There’s an old academic trick I tried a time or two: double-dipping.  It works like this: you write an article, and another one, and another one.  Then you make them into a book.  I did pre-publish one chapter of a book once, but getting permission to republish convinced me that all my work should be original.  That applies to reviews on Goodreads—they’re never the same as my reviews on this blog—as well as to my YouTube videos.  There’ll be some overlap, sure.  But the content is new each time around.  So you can see why I’m wondering about time.  Who has some to spare?  Brother, can you spare some time?  I’ve been shooting footage (which really involves only electrons instead of actual linear imperial measures) for some time now.  I’ve got three pieces posted and more are planned to follow.  If only I can find the time.

Bookmark This

I haven’t forgotten about horror.  In fact, this past late winter my list of must see movies has continued to grow.  I don’t subject you, my kind readers, to endless barrages about Holy Horror since I believe the idea behind the book is novel in its own right and can stand on its own.  The other day I even ordered bookmarks to be made, for free distribution.  Thing is, days are getting longer, and warmer, and people are thinking the opposite of horror just as spring is the equinoctial opposite of fall.  Like a good monster I’m biding my time.  And doing so on an editor’s budget.  (The pay scale’s not the same as that of a professor; believe me, I know.)  Horror’s funny that way—it is seasonal, at least in most people’s minds.

I make the point in the book that fear serves a useful function.  It occurs in other genres quite frequently, although they bear the outcast label less overtly than horror.  Perhaps this gets to the root of my fascination.  Having grown up as part of the pariah social class of the poor, my sympathies are with the genre that often fails to find respectability.  Many of those who criticize horror do not watch it.  Some of these films are quite sophisticated, and the genre blends into other “speculative” categories such as science-fiction and some action, as well as into the more naturalistic thriller.  And thrillers are merely dramas with an elevated pulse rate.  This difficulty of distinguishing genres sharply is one reason Holy Horror addresses some films that aren’t strictly horror.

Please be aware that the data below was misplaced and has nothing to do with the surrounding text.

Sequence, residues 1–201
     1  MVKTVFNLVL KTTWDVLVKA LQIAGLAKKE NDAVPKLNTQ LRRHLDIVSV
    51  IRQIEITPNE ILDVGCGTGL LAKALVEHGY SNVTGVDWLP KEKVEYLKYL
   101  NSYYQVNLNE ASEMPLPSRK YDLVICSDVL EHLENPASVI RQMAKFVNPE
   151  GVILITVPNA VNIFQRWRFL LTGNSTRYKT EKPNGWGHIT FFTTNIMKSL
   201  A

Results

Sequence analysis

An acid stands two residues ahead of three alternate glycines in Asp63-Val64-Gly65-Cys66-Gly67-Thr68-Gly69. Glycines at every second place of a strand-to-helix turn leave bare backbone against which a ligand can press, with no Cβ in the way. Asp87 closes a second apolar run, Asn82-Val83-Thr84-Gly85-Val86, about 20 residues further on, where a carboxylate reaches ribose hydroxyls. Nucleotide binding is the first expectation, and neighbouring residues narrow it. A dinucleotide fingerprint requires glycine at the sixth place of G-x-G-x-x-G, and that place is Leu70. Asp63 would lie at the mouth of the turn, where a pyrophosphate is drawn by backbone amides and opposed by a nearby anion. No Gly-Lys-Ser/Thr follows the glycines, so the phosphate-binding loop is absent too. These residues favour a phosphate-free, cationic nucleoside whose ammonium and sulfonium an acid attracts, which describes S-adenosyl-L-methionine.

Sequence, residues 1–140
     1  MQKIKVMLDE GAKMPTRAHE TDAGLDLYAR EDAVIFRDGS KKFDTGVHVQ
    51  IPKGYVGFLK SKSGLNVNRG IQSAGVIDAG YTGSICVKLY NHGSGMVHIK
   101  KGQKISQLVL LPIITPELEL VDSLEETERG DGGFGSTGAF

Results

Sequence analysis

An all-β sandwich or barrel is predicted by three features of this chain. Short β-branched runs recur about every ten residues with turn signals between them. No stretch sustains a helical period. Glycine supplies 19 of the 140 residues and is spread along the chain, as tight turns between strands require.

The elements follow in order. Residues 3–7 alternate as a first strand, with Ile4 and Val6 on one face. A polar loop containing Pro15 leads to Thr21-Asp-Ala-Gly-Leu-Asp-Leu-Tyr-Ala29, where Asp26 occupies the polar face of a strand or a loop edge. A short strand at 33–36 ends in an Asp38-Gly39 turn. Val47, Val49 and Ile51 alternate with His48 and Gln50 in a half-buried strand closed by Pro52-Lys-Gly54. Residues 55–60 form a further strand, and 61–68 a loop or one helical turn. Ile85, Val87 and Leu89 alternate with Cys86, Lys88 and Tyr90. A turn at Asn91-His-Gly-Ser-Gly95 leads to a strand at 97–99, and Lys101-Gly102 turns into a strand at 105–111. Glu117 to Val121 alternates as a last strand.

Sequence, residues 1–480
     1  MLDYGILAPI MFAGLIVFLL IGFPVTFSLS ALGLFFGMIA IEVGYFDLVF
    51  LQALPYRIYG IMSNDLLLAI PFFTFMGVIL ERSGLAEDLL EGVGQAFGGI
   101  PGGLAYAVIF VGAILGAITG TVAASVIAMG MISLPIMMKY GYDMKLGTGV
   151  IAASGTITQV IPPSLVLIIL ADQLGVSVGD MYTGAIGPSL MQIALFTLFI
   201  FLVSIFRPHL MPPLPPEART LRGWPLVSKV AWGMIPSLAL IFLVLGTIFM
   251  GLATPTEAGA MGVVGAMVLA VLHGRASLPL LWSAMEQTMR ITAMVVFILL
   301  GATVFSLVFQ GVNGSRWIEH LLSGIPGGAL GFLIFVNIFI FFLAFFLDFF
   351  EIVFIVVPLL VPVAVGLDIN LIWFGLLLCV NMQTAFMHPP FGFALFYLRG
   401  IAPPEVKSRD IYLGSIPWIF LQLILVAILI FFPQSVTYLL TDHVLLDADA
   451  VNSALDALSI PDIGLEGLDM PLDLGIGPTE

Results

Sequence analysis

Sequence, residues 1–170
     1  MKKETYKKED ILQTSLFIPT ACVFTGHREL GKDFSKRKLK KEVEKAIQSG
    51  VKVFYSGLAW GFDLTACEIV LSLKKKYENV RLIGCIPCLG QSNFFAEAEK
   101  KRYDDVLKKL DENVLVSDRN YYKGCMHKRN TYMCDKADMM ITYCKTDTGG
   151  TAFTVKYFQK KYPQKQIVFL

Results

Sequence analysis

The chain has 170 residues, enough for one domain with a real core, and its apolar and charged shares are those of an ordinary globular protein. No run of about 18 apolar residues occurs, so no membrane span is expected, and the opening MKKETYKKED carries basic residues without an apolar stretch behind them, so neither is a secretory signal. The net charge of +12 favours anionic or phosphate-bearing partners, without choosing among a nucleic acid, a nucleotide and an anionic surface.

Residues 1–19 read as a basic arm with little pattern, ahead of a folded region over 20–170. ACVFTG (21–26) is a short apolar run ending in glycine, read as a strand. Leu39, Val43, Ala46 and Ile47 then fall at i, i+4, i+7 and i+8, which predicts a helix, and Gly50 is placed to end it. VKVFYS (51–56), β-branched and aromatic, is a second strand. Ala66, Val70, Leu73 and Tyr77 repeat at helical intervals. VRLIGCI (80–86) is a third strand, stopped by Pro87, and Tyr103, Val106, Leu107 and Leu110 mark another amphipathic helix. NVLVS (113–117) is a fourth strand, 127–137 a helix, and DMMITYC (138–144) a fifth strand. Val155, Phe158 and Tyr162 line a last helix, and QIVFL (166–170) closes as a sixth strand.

Work continues apace on Nightmares with the Bible.  Again, the ex-professorate never receives sabbaticals during which concentrated work might be done on books.  In the pre-dawn hours, however, I steadily make progress.  Very shortly an article I wrote for Horizons in Biblical Theology on the topic will appear.  Safely during the spring.  As the days grow longer more of my weekend time is demanded by the outdoors aspect of home ownership, cleaning up after the freezing and thawing of a long winter when infelicities were safely covered under snow.  Sometimes I fear for the progress made on my next book—it is the first advance contract I have ever had—but then I remind myself that fear does serve useful functions.  It’s not called a deadline for nothing.  So even as the darkness fades I prepare for the next round to begin.

The Price Is Wrong

The costs for academic books can seem criminal.  Don’t get me wrong; I work in academic publishing and I know the reasons—or at least the reasons publishers seem to believe—for such pricing.  Still, when I see a book that my little public library will never be able to convince its network that it should be able to borrow, I look at the prices and blanche.  At least the pallor looks good with my skin type, or so at least I’m led to believe.  Why are books so very expensive when so few of them retain any resale value?  Publishing—the information business—is unlike any other.  In fact, it could be argued that the printing press was the earliest internet.  Ideas could be spread more quickly, among those who were able to read, than they could have previously.